Why an aerospace engineer and economist created a mini climate opera

2 Dec 2020

Sinéad O'Sullivan, research fellow at MIT. Image: Sinéad O'Sullivan

Sinéad O’Sullivan may be a busy researcher with many strings to her bow, yet she found time to write a mini opera on climate disinformation.

From researching the economics of space and spaceflight missions to Mars, to writing up a mini-opera about climate disinformation, aerospace engineer and economist Sinéad O’Sullivan of MIT has one of the most interesting science careers around.

You may have already come across her name a number of times on Siliconrepublic.com’s lists of Ireland’s best and brightest, from sci-tech leaders who have found success in the US to phenomenal women in engineering. Now, the Armagh native is set to appear virtually at this year’s Ireland Edge event.

While she is currently based at MIT researching the geopolitics of AI, her first love was the world around her and exploration of what goes beyond this planet.

“Growing up, I was fascinated by places like Antarctica, winter in North Dakota, dinosaurs, sea creatures and space,” O’Sullivan told Siliconrepublic.com.

“We know so little about our world and, growing up in Armagh, I wanted to see more. After having the opportunity to go to space camp at NASA Mission Control when I was 17 and being able to live and work with astronauts on projects, I decided I wanted to focus on space exploration.”

Landing the dream job

Soon after, having applied to study both aerospace engineering and astrophysics, she opted for the former as she loved the idea of building and making things, in addition to the fact that engineering involved quite a lot of teamwork.

“At the time I was 18 and didn’t have a clue what engineering really was, or what I would be learning or doing,” she admitted. “But it sounded fun. I liked aircraft, rockets and spaceships, and being able to understand and build them seemed really cool!”

O’Sullivan had an unlikely start to her career working in finance with Morgan Stanley in New York City, and it took some soul searching to figure out how to make a career doing what she really loved. Eventually, she got her “dream job” at the Georgia Institute of Technology.

Working at the Aerospace Systems Design Laboratory, she worked on projects ranging from air and submarine autonomous robotics for the US Air Force and Navy, to creating algorithms to detect mine-laying patterns by enemy naval forces at the bottom of the ocean using rovers.

Through her time there, O’Sullivan was able to return to NASA, but this time as an engineer helping to design human spaceflight missions to Mars. She said that her role was to model so-called ‘complex systems’, such as figuring out what type of propellant a space mission might use, how many astronauts do they need and what should they collect if they reach Mars?

‘You name it, I’ve had to deal with it’

“You name it, I’ve had to deal with it through human spaceflight design,” O’Sullivan said.

“When you look at the number of missions we can make using these combinations, there are hundreds of millions of possible missions designs to choose from, and we need just one! My job was to create mathematical models to understand which mission design would be the ‘best’ from the millions, whilst working with time, budget and government constraints.”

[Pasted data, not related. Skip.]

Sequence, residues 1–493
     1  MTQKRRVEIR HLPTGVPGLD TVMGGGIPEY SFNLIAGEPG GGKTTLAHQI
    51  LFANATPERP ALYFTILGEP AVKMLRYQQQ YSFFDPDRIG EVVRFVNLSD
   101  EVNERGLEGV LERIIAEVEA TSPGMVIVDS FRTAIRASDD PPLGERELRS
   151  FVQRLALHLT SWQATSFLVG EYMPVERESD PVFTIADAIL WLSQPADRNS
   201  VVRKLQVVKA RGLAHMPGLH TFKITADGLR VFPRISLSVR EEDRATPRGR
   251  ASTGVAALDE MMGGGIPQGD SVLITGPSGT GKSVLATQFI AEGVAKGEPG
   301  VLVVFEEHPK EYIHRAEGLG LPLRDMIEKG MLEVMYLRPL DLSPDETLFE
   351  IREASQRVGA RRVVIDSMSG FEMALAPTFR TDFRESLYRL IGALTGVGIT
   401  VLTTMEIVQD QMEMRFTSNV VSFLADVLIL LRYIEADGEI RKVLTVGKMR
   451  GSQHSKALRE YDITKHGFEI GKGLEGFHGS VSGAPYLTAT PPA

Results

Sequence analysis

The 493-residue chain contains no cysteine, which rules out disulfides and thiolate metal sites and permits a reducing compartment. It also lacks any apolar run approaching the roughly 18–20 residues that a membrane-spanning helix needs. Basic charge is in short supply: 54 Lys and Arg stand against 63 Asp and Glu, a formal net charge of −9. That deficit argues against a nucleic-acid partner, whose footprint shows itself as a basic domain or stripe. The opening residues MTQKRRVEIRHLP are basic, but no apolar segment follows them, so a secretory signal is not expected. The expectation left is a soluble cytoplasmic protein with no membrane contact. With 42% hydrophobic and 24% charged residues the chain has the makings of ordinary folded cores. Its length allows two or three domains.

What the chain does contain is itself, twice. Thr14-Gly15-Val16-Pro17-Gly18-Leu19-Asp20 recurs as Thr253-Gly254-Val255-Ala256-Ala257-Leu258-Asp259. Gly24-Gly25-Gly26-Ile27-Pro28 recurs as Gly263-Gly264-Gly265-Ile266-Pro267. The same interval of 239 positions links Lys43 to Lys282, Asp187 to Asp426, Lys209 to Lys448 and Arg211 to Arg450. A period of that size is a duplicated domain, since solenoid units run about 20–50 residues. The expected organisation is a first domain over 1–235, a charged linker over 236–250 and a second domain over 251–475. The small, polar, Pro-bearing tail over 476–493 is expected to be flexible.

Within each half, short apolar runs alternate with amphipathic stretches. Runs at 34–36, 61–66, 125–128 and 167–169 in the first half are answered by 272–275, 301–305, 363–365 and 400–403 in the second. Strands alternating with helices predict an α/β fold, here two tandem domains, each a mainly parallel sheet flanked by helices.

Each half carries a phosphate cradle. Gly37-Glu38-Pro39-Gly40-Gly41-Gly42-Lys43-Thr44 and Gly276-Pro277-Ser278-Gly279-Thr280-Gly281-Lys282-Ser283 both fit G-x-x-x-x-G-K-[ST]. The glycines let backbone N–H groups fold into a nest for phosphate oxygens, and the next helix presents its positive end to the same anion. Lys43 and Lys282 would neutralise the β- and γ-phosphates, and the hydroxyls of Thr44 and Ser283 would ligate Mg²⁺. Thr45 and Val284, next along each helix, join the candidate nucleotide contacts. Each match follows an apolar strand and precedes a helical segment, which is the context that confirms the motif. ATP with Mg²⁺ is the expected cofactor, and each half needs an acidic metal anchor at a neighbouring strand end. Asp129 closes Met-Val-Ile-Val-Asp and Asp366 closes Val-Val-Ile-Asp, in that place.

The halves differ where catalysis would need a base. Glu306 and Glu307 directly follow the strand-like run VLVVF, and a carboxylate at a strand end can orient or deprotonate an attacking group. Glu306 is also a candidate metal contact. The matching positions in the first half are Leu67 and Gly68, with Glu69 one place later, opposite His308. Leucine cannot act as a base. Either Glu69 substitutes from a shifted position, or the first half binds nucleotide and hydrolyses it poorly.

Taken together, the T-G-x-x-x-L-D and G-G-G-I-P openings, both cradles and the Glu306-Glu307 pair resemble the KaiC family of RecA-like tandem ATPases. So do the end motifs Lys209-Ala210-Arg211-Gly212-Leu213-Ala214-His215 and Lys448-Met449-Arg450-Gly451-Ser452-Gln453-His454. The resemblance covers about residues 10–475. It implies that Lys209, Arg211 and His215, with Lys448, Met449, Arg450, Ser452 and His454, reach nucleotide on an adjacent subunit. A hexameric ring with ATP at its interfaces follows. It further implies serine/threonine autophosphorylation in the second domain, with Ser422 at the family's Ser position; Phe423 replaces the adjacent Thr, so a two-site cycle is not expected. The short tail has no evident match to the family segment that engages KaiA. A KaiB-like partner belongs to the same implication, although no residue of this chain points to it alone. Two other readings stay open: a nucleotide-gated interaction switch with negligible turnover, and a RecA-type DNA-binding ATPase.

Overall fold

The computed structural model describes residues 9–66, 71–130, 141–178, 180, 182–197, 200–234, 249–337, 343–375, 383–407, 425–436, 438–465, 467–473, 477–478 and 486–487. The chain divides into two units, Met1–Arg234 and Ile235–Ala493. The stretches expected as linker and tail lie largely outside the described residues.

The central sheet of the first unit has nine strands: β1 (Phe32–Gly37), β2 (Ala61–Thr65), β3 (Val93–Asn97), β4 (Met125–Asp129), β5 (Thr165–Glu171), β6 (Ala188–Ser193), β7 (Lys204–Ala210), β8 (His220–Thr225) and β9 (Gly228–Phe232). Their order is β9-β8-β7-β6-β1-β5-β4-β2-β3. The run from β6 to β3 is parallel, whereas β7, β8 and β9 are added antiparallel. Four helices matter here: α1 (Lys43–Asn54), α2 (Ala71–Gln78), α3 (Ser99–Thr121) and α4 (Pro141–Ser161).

Despite being a self-described lifelong fan of space exploration, she realised during her time at NASA that she could apply what she has learned to solve problems here on Earth. Taking her newfound knowledge in modelling complex systems, O’Sullivan is now trying to model the complexity of democracy, technology and regulation as part of the MIT AI Policy for the World project.

With regulations being considered in the EU to make tech giants more accountable for the AI they create – and the enormous power they wield in the world through the control of data – O’Sullivan sees the fusing of geopolitics and AI as a fascinating case study.

“Geopolitics used to be defined by nations, geography and the fight for resources like food, water and energy,” she said.

“Now, we are increasingly seeing that tech platforms are more powerful than countries, and they bring with them their own resources like data and computational power. Understanding the dynamics between nations and platforms will be key in the next decade of technological growth.”

Opera ambitions

As if she didn’t have enough research work on her plate, O’Sullivan has also applied chaos theory to try and better understand why some people, organisations or nations are more creative or innovative than others.

Through this she has worked with top record producers to understand what music tops the charts, as well as venture capitalists and start-ups to see how and why some experience high growth and others don’t.

In the process, she ended up creating her own record label, founding a start-up and, to top it all off, making her own music. One of her most recent creations was a mini-opera presented at TEDxStormont, which touches on the massive problem of climate disinformation in the world.

Talking about the process, O’Sullivan said: “I met the fabulous operatic soprano Síobhra Quinlan at the same time that I was exploring contemporary opera.

“I wanted to experience the process of making something new – and she very kindly jumped in and helped me to bring together an incredibly talented and fun group of people.”

Sinéad O’Sullivan will be speaking at Ireland’s Edge digital festival, part of the Other Voices event series, on 8 December.

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Colm Gorey was a senior journalist with Silicon Republic